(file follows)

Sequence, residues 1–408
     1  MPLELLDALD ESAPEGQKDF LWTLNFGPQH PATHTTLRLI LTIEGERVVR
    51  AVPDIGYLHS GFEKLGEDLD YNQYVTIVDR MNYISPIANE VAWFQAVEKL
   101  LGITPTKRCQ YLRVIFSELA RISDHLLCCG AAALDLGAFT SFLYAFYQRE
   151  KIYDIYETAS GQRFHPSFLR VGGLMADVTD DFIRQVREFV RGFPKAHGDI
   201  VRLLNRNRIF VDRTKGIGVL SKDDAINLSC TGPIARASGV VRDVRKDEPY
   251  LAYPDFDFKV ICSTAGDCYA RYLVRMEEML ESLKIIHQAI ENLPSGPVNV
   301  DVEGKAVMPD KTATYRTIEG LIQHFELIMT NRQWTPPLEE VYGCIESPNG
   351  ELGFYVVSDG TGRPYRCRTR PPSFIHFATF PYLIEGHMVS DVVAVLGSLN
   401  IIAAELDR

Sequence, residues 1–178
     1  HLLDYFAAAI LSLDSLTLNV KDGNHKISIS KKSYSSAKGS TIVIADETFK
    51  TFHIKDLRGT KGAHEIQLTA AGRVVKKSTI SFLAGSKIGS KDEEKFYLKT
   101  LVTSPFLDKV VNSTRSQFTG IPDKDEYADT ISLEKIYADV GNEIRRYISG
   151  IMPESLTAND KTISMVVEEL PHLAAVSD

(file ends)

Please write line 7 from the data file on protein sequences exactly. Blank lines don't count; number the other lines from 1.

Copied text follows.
   251  LAYPDFDFKV ICSTAGDCYA RYLVRMEEML ESLKIIHQAI ENLPSGPVNV